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The perfect accident: Families form lifelong bonds after accident 12 years ago left EMT severely injured

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FORGIVENESS — For the 12th-year anniversary of the wreck, Alexis Keplinger and Chuck Mooney donned humorous T-shirts at the site of the accident.

When a 16-year-old Western High School student accidentally hit an EMT with her car 12 years ago, leaving him severely injured, she didn’t know such a tragedy would have a silver lining.

That silver lining came in the form of unique friendships and bonds that Alexis Keplinger formed with the victim, Chuck Mooney, and his family in the years since the accident. Over those years, the two families have become intertwined, spending vacations together, attending each other’s sporting events, weddings, and even, for a time, living together.

The accident

Dec. 14, 2007, was another normal morning for Keplinger. That Friday at 7 a.m., the WHS sophomore was on her way to school when, in an instant, everything changed. There had been a traffic accident along Ind. 26 and 350 West, but no first responders had arrived yet – aside from Mooney.

Mooney had just finished a 12-hour shift at then-Howard Regional Health System as an EMT. He was on his way home when he saw the accident. Mooney, as required by law, stopped to assist. The last thing he remembered was standing on the side of the road, talking to those involved in the accident. The rest was a blur.

It was dark, and Keplinger didn’t see Mooney on the side of the road. In her blue 2007 Toyota, she struck him. The impact sent him flying out of his shoes, breaking both of his legs, crashing into the Toyota’s windshield, and landing 30 yards down the highway. The crunch of Mooney hitting the windshield was a sound Keplinger never forgot.

“I just remember following whoever was in front of me. I don’t remember seeing him, but I do remember the impact, hitting the brakes. I know I’ll never forget, A, the crunch of the car and, B, just watching him come off the car,” Keplinger said.

Mooney was taken by ambulance to then-Howard Regional Health System, and Keplinger was taken to then-St. Joseph Hospital. She was released that night with non-life-threatening injuries, and Mooney was airlifted to Methodist Hospital.

That night, Keplinger was back at home, and her mother was vacuuming shards of glass out of her face and hair. She was spitting up blood, trying to explain what happened, and in a state of shock. It was at that time when the family got a call from a woman who identified herself as Teresa Mooney, the wife of the man who was hit on the side of the road. The call caused Keplinger to freeze. She knew the woman likely was angry and looking to lash out.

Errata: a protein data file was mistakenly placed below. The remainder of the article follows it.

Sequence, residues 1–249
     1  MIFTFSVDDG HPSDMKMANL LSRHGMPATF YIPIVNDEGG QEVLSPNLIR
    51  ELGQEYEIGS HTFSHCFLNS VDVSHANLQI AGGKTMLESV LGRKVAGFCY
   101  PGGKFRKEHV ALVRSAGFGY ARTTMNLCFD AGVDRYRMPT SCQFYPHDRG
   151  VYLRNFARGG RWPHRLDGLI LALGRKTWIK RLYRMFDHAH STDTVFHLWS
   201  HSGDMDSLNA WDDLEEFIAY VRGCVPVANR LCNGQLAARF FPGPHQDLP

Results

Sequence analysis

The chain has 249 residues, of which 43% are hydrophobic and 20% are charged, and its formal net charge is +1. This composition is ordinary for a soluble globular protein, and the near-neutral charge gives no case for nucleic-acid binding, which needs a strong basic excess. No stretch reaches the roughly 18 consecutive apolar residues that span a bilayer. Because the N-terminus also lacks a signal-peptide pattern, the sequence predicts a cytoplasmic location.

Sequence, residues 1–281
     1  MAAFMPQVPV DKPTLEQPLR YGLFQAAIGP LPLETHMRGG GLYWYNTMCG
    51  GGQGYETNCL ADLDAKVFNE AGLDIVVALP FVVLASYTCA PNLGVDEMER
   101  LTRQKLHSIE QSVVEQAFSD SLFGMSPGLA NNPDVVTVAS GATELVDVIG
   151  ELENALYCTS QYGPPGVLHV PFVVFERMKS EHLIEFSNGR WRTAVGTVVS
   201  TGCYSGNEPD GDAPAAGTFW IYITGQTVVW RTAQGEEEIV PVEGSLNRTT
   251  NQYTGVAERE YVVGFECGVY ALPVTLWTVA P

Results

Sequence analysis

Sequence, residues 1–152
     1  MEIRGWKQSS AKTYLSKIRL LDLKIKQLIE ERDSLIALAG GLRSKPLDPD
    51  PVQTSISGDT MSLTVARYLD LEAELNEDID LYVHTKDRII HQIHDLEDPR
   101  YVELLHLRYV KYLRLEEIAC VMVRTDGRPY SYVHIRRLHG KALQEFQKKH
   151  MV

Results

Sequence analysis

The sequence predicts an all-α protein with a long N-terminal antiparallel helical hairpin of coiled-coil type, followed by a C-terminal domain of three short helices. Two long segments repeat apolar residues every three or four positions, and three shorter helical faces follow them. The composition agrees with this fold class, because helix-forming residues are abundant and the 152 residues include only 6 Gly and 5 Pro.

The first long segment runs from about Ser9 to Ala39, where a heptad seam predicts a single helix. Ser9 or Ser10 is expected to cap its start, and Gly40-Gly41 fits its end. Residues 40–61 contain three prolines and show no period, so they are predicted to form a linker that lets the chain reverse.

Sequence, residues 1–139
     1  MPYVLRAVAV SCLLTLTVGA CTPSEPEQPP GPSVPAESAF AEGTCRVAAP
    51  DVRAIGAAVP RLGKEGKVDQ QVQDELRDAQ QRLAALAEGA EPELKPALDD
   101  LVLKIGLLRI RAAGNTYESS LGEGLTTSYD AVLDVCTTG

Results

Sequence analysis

When her father got off the phone with Teresa, he informed his daughter that they were going to go to Methodist Hospital where Mooney was undergoing emergency surgery. They were unsure at that time if he would make it.

“I looked at him and said ‘no’ because normal people – I’ll say normal because [the Mooneys] are not normal in a good way – would be like, ‘You hit my husband. How dare you,’ and have that natural animosity toward someone who hurt somebody. So my natural reaction was, ‘Nope. I’ll sit here. You guys can go,’” Keplinger said.

Her dad looked at Keplinger and told her that she may have just killed a man. She was going.

When they arrived at Methodist Hospital and Teresa hugged Keplinger instead of slapping her, as Keplinger expected, Keplinger broke down.

“That’s when I just lost it because who does that? I could have potentially, even at that time, killed her husband,” she said.

Teresa never set out to make Keplinger feel worse. When she heard her husband was struck by another motorist, Teresa quickly found out who it was so she could call her.

“I just really wanted to see if she was alive. I just didn’t know, but I felt, ‘What if this was my child (who hit someone)?’ I mean, I couldn’t imagine,” said Teresa who had three children, Zac, 15; Faith, 11; and Hannah, 10. “It just kept going through my mind, ‘What would Christ do?’ No one intends to do that. It’s not like she set out that day to do it. I wanted her, at that moment, to know whatever was going to happen, it was going to be OK.”

Road to recovery

Doctors initially were going to amputate one of Mooney’s legs, but they were able to save it. Still, it would be a long road ahead for him. He was on a ventilator for days and in a medicated fog, he said, for at least a month. One night when he was back at home recovering, he realized the woman who hit him had been hanging around his house.

He was happy to have her. As friends and family shuffled in and out in those coming days, eyebrows raised.